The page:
Academic journal article African Studies Quarterly

Precarity and Performance: The Production of Ngoma Dance and Rooibos Tea as Cultural Commodities in the Post-Apartheid Heritage Industry

Academic journal article African Studies Quarterly

Precarity and Performance: The Production of Ngoma Dance and Rooibos Tea as Cultural Commodities in the Post-Apartheid Heritage Industry

Article excerpt

Sarah Ives. 2017. Steeped in Heritage: The Racial Politics of South African Rooibos Tea.

Durham and London: Duke University Press> xv +255 pp.

Louise Meintjes with photographs by T.J. Lemon. 2017. Dust of the Zulu: Ngoma

Aesthetics After Apartheid. Durham and London: Duke University Press> xii + 338 pp.

The heritage industry in South Africa, perhaps more than most places, relies on maintaining links to a troubled past, one wrought by conflict and conquest, racism and exploitation. In the post-apartheid era, in a context of a downward spiraling economy and the concomitant rise in unemployment and inequality, the commodification and monetization of cultural heritage has taken off, albeit in deeply ambiguous ways. Both Sarah Ives, Steeped in Heritage: The Racial Politics of South African Rooibos Tea and Louis Meintjes, Dust of the Zulu: Ngoma Aesthetics After Apartheid, consider the origins, authenticity, ownership, and agency surrounding two important South African cultural commodities, rooibos tea and Ngoma Zulu dance performance. Both books explore efforts made by various actors and stakeholders as they construct and make claim to a positive, often idealized, nostalgic image of a cultural commodity, herbal tea in one case and "singing-dancing-drumming warrior" performances on the other. In so doing, the stakeholders seek to redeem each product from negative associations grounded in the colonial and apartheid pasts. Both products are also explained in terms of their "African-ness" by way of their natural origins in Africa among people with "African" identities and also a sort of uber-African essence whereby they gained added legitimacy through the representation of "authentic Africa" as exported to the world. Through often very personalized narratives, including first person observations, both authors raise compelling existential questions about the interplay among things, people, consciousness and identity, and illuminate the complex relations between production and consumption in a highly racialized capitalist context.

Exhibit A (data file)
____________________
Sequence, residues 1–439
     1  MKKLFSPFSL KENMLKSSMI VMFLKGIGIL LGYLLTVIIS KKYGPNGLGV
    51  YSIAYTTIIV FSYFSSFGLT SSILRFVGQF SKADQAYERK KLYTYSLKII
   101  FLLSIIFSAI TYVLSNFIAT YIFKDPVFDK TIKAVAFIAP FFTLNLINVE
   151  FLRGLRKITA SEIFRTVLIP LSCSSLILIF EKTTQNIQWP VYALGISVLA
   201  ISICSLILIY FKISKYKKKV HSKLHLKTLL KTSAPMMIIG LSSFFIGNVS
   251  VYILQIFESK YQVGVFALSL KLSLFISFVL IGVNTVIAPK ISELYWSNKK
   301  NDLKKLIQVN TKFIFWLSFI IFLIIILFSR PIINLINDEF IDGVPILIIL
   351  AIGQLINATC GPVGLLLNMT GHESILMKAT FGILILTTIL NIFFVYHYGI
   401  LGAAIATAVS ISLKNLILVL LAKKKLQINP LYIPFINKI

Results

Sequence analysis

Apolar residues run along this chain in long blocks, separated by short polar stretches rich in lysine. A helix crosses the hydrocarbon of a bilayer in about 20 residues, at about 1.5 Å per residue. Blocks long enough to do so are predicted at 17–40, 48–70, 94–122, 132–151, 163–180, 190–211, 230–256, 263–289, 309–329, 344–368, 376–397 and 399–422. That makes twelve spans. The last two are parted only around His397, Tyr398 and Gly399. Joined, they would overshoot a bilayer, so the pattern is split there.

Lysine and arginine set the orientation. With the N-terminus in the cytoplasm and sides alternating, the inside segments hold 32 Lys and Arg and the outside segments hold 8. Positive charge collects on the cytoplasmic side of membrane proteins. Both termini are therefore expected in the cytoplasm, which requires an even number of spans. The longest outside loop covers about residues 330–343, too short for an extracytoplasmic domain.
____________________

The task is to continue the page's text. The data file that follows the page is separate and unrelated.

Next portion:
Ives, a Stanford-trained anthropologist, and Meintjes, a music and cultural anthropologist at Duke University, paint deeply intimate portraits of the people and places, geographic and temporal, involved in creating, developing, and deploying indigenous identities tied to specific commodities. Both authors write in a lively engaging style with well-organized and compelling narratives. They both also provide first-hand accounts and detailed field notes, in some cases even serving as participant-observers of activities related to the production and performance of the commodities---Ives attends Rooibos farmers' association meetings and Meintjes films helped in the promotion of the Zulu dance performances. A central concern of both authors is the context of profound, persistent precarity in South Africa. The authors emphasize the historical and current precariousness of the majority of South Africans who struggle to make a living in the country. In both stories, the cultural products are also associated with violence; direct violence committed by people, and the structural violence inherent in South African society, past and present. It is, for the authors, this very precarity that defines and makes possible the essence of the cultural resources that people draw upon.

As the authors highlight the continued acute poverty and inequality in South Africa, they illuminate the creative and marginally successful outcomes South Africans have achieved in the heritage industry, but which remain fragile and threatened by the vicissitudes of racism and global capitalism. It is, apparently, a key element of South African brands that the apartheid past and the struggle against it are seen as integral to authenticity. This dimension also accounts for the authors' interest in questions surrounding indigeneity in the heritage industry and nostalgia for cultural forms that can provide opportunities to make a living and hope for the future. …

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